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Buffer Zone For Potted Plants Before Putting Them Away Indoors

, Admin

Multiple potted and canopy plants with the arrival of the first cold weather gradually migrate from the beloved garden to the premises for wintering. Many gardeners believe that their main job is to remove the plants in time, preventing heat-loving exotics from suffering the first frosts. But it's not just the timing that's important in the process of moving the seedlings into the house, but also keeping all the necessary safety precautions in place. Simply move the plants from the garden indoors is not possible. You need a good buffer zone to make the move comfortable.

Buffer zone for potted plants before putting them away indoors
Container plants before moving indoors

Transitional phase to protect plants

Any change of conditions for canopy plants and those inhabitants of potted gardens which do not belong to the perennials must be made gradually. When plants are taken out into the garden in late spring and early summer, they should first be placed in a shaded, sheltered location to get used to the temperatures and the new regime. Likewise, they should be brought back in the same way. In this respect, garden potted and canopy plants are virtually no different from indoor plants, which can be taken out into the fresh air for the summer. Crops growing in limited soil need more stable growing conditions than those in the open air.

The first thing to keep in mind is the damage that can be done to plants by an abrupt transition to new temperatures, not a smooth change in temperature range. The difference between the conditions in the garden, with a natural variation of day and night temperatures, the impact of dozens of different factors and stable room temperatures is significant. But it is not only the gradual habituation to other temperatures that is associated with the need for an intermediate stage when transferring caddisflies. The need of plants in "buffer zone" is influenced by two more factors:

  1. The ground ball must be dried before the plants get to their winter apartments: if the plants are transferred together with moisture-soaked substrate, they may rot not only their roots, but also the bases of shoots. This is especially true for plants which overwinter in cool conditions.
  2. If you do not provide an intermediate stay in the buffer zone before wintering, but simply bring the plants indoors, wet leaves can be a big risk factor for fungal diseases. Especially if there is rainy weather in the fall. The colder air in the autumn makes the leaves of potted and canopy plants worse for drying out, and if you don't dry them out gradually, you are likely to get more problems with fungal diseases and rotting in combination with wet above-ground parts.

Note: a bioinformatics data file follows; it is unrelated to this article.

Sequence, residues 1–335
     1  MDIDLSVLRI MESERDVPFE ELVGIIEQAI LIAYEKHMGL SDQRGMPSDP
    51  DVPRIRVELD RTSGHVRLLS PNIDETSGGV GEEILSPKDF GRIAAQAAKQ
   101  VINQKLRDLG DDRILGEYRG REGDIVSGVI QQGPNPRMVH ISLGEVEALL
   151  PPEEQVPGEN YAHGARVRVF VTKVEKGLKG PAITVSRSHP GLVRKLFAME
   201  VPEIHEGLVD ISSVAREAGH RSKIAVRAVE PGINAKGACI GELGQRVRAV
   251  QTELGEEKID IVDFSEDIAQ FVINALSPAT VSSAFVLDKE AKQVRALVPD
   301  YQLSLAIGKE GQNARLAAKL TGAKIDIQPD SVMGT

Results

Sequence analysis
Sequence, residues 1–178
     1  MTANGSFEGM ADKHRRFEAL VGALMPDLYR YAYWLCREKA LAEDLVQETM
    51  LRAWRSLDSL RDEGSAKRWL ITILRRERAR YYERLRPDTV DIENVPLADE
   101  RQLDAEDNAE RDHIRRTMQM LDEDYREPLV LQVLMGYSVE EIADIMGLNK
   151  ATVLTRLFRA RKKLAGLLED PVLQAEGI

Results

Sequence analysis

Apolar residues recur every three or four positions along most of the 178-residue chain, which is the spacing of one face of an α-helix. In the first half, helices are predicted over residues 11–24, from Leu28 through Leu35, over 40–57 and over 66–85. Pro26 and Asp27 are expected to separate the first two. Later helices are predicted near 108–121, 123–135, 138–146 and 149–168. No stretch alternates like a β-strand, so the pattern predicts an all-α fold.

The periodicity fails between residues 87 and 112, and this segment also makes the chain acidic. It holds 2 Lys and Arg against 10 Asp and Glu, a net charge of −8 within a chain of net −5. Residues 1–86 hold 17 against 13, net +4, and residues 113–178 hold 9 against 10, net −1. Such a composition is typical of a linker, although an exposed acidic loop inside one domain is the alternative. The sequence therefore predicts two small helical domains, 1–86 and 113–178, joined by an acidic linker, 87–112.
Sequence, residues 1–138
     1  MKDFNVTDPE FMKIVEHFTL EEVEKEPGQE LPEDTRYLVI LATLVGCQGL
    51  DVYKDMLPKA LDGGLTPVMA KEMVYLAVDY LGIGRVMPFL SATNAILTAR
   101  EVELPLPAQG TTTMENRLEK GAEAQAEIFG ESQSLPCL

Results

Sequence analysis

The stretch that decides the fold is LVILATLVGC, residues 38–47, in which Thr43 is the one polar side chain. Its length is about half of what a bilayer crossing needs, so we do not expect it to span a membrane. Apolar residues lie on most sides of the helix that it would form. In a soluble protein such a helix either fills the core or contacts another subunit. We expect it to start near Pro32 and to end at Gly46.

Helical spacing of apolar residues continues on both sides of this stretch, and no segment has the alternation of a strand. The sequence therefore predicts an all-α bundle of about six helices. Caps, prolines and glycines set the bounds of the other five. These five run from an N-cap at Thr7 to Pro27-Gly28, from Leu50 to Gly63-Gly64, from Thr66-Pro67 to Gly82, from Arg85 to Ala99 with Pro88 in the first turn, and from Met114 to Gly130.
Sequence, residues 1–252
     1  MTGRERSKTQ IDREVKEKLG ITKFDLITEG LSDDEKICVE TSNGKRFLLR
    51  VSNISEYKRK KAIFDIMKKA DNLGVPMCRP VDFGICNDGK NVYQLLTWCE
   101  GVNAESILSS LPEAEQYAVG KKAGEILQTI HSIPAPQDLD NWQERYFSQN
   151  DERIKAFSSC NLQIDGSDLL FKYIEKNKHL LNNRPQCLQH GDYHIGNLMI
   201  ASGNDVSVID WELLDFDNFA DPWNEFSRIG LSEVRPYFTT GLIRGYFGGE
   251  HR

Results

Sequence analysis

Buffer zone for potted plants before putting them away indoors
Container plants before you bring them indoors. © Michelle Gervais

The risk factor of spreading root rot or fungal disease is not equally relevant for different container plants. Unless the ground lump is dried, crops that are severely pruned for the winter or that shed their foliage completely will be severely affected by excessive moisture. Poor drying of greens is most threatening to evergreens, which retain their leaves for the winter completely, and is virtually harmless to crops that shed them.

It is desirable to gradually accustom plants to both reduced access to fresh air, different humidity, and much scarcer light.

Simple principles of organizing a buffer zone

A buffer zone is any protected from precipitation and strong wind, shaded place near the house or other buildings. Garden stars in portable containers should be under a canopy before finally going to winter. A wide awning, veranda, protected terrace or pergola, a place under a balcony, etc. will provide ideal protection for the plants and allow them to gradually adapt to winter conditions.

Buffer zone for potted plants before putting them away indoors
Hortensia in containers. © airpotgardener

The key parameters of the "buffer zone" are protection from precipitation and wind. But they are not the only ones to think about. For all plants, without exception, it is desirable to stay in an intermediate range of temperatures, average between those that will wait for them indoors and those in which they were in the open air. In the case of cool overwintering, any placement under a canopy can provide such a transition, since temperatures are already dropping gradually in the fall.

If exotic plants are to be overwintered warm, they should be placed in a cool hall, sheltered terrace, veranda or ventilated balcony to help them adapt to the new conditions and ensure average temperatures between garden and house plants.

The length of stay in the buffer zone for pot plants and potted plants should not be less than 3 days. The ideal adaptation time is one week or 10 days under a canopy.

While in the buffer zone you do not water or feed the plants, you do not prune them or do anything else to prepare them for their dormancy period. This can be taken care of just before they are finally transferred to wintering.